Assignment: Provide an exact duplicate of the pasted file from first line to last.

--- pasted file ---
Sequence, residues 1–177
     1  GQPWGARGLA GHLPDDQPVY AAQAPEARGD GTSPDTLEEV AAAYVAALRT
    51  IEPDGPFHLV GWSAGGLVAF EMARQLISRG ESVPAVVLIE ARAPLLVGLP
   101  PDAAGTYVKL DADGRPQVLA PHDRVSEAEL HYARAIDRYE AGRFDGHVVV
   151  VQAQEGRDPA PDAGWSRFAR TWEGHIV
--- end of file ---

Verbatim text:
Sequence, residues 1–177
     1  GQPWGARGLA GHLPDDQPVY AAQAPEARGD GTSPDTLEEV AAAYVAALRT
    51  IEPDGPFHLV GWSAGGLVAF EMARQLISRG ESVPAVVLIE ARAPLLVGLP
   101  PDAAGTYVKL DADGRPQVLA PHDRVSEAEL HYARAIDRYE AGRFDGHVVV
   151  VQAQEGRDPA PDAGWSRFAR TWEGHIV